T. rex able to catch David Beckham

New research shows that Tyrannosaurus rex could out run a professional athelete such as David Beckham, but the fastest dinosaurs of all could top 40 mph!

A very unusual race has just been run by scientists at the University of Manchester, a race between several dinosaurs, modern animals and a human in a bid to see which was the fastest.  The researchers led by Dr Bill Sellers and palaeontologist Phil Manning have just had their work published in the journal of the Royal Society of Biological Sciences.

The race was run in virtual reality using a super computer to calculate the running speeds of 5 bipedal, theropod dinosaurs, two extant flightless birds (ostrich and emu) and a human.  The results show that the smallest dinosaur studied, Compsognathus (pronounced komp-so-nay-thus) was able to run at a top speed of 40 mph, making this 1 metre long, Jurassic carnivore one of the fastest two-footed land animals of all time.

Data on each animal’s anatomy was fed into the computer along with estimates of their leg muscle mass, posture and gait.  The computer then used this information to assess how each creature would have moved and then calculated the fastest possible speed for each animal.  For the ostrich, emu and the David Beckhams around today, actual measurements of muscle mass and stride length could be taken.  For the dinosaurs, the team had to be a bit more creative.  Unfortunately, there are no Tyrannosaurs or Compsognathids around for the scientists to take measurements from, but muscle scars on fossilised leg bones can give them an idea of leg muscle mass.  Measurements from fossilised dinosaur trackways can also provide valuable data on gait, posture and stride length.

Once all the bio-mechanical information had been programmed into the computer, the maximum speed of each animal could be calculated and the virtual race run.  Data from a professional sportsman was used to provide the human comparison and from this research, believed to be the most accurate ever produced, Tyrannosaurus rex running at a top speed of just under 8 metres a second could outrun the human athlete.  In the film Jurassic Park, T. rex is shown chasing a jeep at nearly 35 mph but scientists have known for some time that this sort of speed for a 7 Tonne dinosaur was unrealistic.  Still, if T. rex could have run at approximately 18 mph it would have been an extremely impressive effort!

The Results from the Virtual Reality Race

Virtual Race Data

Weight

Metres/sec

Km/hour

Miles/hour

Place

Human

71kg

7.9

28.4

17.7

Dinner!

Emu

27.2kg

13.3

47.9

29.8

3rd

Ostrich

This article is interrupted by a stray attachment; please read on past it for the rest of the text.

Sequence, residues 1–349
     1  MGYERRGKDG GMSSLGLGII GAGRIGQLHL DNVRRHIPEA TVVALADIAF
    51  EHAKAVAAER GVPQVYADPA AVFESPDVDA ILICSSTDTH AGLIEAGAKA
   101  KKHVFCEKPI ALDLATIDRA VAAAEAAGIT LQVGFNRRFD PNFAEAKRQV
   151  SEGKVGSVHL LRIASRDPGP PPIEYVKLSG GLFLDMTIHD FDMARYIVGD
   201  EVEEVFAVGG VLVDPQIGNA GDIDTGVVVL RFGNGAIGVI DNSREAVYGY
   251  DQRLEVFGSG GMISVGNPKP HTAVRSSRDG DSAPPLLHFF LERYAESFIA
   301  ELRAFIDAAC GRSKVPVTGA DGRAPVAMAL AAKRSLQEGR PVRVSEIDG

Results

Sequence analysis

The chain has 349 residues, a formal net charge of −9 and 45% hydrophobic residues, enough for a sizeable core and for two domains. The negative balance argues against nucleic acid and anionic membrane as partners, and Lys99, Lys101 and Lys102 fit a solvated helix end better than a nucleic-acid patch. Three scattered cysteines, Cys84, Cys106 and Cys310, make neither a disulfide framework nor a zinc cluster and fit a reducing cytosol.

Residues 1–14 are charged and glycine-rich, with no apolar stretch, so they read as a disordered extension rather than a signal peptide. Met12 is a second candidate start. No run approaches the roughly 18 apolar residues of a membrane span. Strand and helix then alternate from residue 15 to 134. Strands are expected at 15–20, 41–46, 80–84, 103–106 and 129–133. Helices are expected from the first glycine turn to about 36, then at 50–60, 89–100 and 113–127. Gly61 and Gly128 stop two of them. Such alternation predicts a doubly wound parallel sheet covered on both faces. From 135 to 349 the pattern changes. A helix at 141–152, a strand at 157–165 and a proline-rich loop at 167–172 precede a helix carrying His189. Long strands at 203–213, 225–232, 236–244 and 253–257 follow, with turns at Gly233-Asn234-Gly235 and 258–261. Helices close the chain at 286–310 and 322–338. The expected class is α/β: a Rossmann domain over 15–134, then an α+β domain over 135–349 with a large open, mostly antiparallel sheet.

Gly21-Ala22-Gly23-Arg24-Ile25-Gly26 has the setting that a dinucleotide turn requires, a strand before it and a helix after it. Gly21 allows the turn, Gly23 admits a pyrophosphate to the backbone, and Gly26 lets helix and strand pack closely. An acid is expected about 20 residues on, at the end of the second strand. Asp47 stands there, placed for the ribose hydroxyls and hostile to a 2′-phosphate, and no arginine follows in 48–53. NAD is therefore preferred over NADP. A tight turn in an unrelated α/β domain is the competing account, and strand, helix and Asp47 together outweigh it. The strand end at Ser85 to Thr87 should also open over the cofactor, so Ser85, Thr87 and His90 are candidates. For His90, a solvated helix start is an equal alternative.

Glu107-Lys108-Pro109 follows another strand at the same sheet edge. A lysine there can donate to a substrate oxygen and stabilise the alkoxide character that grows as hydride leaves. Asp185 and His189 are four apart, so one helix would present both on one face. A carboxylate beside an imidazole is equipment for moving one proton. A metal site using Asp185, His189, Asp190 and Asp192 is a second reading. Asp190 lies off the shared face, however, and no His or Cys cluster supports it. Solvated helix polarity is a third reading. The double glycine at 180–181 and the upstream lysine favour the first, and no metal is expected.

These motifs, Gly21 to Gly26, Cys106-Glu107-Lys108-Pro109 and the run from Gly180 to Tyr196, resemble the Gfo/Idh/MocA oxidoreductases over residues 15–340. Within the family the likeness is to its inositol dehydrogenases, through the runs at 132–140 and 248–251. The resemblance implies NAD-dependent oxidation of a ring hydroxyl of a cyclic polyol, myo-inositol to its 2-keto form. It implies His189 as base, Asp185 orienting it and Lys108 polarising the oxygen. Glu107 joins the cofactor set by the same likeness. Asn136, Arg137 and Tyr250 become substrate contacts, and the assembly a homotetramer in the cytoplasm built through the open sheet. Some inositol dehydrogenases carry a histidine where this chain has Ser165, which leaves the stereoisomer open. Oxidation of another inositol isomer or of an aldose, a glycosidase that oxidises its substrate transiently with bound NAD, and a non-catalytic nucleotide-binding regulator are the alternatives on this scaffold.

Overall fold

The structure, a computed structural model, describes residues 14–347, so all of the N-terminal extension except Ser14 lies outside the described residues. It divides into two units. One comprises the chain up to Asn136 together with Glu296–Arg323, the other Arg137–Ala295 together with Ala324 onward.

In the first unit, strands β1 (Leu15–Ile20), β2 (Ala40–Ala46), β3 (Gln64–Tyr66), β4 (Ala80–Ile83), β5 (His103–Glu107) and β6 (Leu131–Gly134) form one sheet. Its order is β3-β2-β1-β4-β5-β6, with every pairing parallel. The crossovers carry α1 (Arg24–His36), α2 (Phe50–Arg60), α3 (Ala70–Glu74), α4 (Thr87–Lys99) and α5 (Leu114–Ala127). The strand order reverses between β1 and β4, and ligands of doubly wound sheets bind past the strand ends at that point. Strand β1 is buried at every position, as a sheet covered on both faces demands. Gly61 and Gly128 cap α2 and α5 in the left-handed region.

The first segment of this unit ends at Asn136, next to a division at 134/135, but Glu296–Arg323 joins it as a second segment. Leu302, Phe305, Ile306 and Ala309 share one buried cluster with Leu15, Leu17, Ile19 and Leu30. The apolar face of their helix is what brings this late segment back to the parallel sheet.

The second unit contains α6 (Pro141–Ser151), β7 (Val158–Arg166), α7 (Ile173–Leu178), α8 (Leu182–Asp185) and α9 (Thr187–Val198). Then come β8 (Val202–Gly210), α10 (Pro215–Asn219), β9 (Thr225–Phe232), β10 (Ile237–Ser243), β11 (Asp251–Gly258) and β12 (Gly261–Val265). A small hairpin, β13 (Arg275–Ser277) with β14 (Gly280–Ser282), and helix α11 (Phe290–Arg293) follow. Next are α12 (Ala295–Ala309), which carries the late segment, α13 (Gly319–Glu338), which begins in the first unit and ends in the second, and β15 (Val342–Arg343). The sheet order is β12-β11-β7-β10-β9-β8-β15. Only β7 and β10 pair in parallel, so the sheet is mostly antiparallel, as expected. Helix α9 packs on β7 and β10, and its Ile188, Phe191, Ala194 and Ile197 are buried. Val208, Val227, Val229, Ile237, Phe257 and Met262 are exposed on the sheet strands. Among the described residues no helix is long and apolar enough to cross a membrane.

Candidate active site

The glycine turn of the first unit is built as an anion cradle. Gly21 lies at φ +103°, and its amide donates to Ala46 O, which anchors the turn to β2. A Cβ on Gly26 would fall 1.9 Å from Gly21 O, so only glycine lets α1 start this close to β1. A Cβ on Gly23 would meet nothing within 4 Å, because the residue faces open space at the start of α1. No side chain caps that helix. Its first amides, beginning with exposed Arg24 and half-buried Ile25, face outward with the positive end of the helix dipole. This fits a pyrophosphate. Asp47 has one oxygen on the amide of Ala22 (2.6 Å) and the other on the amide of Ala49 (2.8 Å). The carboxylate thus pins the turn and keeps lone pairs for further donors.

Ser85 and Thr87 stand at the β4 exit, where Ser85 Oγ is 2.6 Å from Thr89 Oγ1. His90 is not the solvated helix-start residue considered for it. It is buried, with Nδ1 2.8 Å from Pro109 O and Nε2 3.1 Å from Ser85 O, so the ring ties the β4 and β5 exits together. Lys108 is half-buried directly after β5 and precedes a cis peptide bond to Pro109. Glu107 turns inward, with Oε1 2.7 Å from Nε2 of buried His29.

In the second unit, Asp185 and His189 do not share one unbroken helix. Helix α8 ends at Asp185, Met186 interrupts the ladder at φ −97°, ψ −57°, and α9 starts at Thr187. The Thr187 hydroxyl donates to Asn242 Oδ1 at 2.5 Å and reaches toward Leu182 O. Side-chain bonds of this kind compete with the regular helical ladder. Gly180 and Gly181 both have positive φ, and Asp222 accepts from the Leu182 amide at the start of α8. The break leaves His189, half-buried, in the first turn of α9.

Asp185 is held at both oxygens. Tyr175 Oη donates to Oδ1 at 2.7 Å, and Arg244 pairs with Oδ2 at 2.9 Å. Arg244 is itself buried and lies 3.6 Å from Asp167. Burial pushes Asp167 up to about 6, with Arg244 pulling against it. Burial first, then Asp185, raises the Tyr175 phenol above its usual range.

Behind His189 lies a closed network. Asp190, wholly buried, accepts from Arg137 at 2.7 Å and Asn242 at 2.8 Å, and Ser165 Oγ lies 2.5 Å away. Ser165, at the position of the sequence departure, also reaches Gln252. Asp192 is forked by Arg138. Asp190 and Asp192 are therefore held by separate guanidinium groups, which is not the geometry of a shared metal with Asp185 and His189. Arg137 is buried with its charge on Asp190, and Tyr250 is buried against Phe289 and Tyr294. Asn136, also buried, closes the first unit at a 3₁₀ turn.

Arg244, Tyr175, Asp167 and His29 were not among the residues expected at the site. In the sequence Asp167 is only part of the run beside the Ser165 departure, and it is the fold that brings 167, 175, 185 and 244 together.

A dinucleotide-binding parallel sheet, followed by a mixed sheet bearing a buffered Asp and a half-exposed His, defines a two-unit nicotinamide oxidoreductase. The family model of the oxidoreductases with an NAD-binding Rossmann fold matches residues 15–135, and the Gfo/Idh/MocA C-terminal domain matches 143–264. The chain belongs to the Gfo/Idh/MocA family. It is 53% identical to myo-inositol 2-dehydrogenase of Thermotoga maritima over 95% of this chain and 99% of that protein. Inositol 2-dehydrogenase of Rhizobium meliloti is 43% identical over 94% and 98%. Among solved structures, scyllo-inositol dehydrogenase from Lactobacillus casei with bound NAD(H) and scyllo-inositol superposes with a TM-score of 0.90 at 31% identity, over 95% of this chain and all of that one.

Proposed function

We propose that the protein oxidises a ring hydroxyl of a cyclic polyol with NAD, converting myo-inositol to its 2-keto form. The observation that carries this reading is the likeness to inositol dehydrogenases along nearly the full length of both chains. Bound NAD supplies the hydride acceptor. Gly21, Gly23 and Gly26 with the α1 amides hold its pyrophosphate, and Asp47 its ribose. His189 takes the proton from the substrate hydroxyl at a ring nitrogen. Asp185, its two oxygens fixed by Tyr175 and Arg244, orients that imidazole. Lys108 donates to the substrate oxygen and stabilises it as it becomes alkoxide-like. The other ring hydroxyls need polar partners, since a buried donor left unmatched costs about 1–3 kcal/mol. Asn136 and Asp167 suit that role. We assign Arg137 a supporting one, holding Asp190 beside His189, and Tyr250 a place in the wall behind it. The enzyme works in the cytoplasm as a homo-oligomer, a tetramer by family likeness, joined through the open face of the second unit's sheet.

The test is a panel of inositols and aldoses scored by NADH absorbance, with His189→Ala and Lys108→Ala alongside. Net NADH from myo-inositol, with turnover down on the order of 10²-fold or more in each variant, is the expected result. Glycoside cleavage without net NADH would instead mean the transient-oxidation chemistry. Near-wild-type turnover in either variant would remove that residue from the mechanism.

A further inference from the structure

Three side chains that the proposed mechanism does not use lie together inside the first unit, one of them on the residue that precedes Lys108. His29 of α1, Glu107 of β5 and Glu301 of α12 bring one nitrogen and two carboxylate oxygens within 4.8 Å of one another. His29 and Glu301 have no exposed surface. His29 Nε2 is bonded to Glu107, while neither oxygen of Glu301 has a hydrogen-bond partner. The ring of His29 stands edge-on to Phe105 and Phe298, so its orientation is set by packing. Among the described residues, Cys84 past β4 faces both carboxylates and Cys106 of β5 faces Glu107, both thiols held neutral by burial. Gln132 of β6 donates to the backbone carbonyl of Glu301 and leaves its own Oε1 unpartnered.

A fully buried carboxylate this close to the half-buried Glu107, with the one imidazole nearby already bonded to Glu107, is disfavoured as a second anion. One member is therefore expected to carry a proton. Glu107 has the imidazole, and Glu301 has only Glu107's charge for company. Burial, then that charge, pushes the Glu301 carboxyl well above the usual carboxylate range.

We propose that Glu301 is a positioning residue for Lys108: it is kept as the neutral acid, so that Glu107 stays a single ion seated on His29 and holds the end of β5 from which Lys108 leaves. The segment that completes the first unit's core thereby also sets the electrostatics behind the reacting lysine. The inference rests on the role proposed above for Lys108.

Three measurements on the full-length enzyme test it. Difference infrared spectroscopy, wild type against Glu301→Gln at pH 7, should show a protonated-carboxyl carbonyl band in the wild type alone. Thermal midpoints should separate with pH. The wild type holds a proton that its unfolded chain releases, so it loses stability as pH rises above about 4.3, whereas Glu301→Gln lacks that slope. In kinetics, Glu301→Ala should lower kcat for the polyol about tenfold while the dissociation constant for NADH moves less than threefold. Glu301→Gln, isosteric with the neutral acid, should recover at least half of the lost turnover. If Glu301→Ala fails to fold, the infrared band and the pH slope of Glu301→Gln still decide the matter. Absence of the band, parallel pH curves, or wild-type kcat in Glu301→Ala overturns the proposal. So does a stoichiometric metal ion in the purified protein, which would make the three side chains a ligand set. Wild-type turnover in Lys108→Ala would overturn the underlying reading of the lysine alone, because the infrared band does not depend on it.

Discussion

65.3kg

15.4

55.4

34.5

2nd

Compsognathus

3kg

17.8

64.1

39.8

1st

Velociraptor

20kg

10.8

38.9

24.2

4th

Dilophosaurus

430kg

10.5

37.8

23.5

5th

Allosaurus

1.4 tonnes

9.4

33.8

21

6th

Tyrannosaurus

6 tonnes

8

28.8

17.9

7th

Table reproduced from University of Manchester data

The results show that the smaller and lighter the dinosaur the faster it could run.  Whether or not these speeds could be maintained by meat-eating dinosaurs is open to debate.  Ostriches and emus are able to sustain high running speeds over considerable distances whereas, it is not known how long a dinosaur could maintain its top speed and this particular study does not shed any further light on the endurance capabilities of these animals.  Dinosaurs such as Compsognathus were lightweight and speedy.  Compsognathus is one of the smallest dinosaurs known, weighing little more than your average laptop.  Its remains have been found in Bavarian limestone deposits indicating that it lived in a coastal environment.  From its teeth we can guess that it probably chased down insects and smaller reptiles so being speedy would have been a distinct advantage.  It could also have used its fast reactions and powerful hind legs to get away from the many predators in the area at the time – such as crocodiles and the larger dinosaurs such as Ornitholestes.

A lot of work has been carried out by palaeontologists on the relative speeds of various dinosaurs.  This new study moves away from previous techniques which used direct comparisons between dinosaurs and modern creatures such as chickens to work out velocities.  This scaling-up work has attracted some criticism, after all it is hard to compare the speed of 2 kg chicken with a 7 Tonne Theropod.  As this new data uses information based on individual dinosaurs then this data may be able to overcome some of the limitations of the previous work.

However, top speed is one thing, the ability to sustain it is another; and indeed crucial data about running safely has not been considered.  Ostriches are relatively stable at high speed, they are well co-ordinated and balanced.  The same cannot be said for a large meat-eating dinosaur.  The fossilised rib bones of animals such as Allosaurus and T. rex show many signs of being broken.  Are these the result of falls as the animals pursued prey?  The tiny forelimbs on a Tyrannosaur would not have helped much if the animal tripped and fell.  Such an accident could well have proved fatal, depite the protection of belly ribs such as gastralia.  So perhaps, T. rex and company did not rush around at their theoretical maximum too often – it was not worth the risk.

Sadly, the University of Manchester team did not investigate the potential top speeds of any Ornithomimid dinosaurs such as Gallimimus or Ornithomimus.  These “ostrich-like” dinosaurs were the real speed freaks of the Mesozoic with some palaeontologists estimating that they could top 50 mph or perhaps with the wind behind them and on a good day attain Cheetah like speeds.

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